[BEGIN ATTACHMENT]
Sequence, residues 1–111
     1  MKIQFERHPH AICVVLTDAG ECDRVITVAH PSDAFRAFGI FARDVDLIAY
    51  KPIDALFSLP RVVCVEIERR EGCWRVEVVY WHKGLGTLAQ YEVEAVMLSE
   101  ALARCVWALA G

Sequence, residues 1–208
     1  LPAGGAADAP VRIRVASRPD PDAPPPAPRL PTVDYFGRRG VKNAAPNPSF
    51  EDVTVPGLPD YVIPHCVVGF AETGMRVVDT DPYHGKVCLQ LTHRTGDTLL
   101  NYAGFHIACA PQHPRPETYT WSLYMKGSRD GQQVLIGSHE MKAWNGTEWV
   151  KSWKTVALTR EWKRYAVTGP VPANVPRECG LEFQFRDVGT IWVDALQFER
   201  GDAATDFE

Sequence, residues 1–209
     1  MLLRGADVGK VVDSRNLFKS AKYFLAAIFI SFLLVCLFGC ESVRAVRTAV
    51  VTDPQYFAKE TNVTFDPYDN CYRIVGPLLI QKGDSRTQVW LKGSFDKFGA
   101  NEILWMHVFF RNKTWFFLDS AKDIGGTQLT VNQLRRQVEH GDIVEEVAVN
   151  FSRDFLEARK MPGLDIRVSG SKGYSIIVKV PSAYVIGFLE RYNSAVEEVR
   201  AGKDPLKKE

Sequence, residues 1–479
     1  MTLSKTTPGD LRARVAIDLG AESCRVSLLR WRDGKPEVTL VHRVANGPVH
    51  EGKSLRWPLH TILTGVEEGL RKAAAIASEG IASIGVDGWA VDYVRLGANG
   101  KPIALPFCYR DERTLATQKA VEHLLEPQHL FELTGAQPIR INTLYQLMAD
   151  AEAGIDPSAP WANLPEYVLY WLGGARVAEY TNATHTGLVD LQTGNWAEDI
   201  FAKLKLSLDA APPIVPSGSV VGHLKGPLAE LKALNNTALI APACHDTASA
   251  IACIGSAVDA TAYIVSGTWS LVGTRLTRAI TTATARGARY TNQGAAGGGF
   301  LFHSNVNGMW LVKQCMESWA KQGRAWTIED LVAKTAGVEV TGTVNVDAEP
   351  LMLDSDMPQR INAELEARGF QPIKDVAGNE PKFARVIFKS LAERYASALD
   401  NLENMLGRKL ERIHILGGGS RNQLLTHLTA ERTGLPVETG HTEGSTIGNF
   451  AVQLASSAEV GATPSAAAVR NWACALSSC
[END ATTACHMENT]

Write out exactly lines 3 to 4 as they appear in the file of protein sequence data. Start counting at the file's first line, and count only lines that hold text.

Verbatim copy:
    51  KPIDALFSLP RVVCVEIERR EGCWRVEVVY WHKGLGTLAQ YEVEAVMLSE
   101  ALARCVWALA G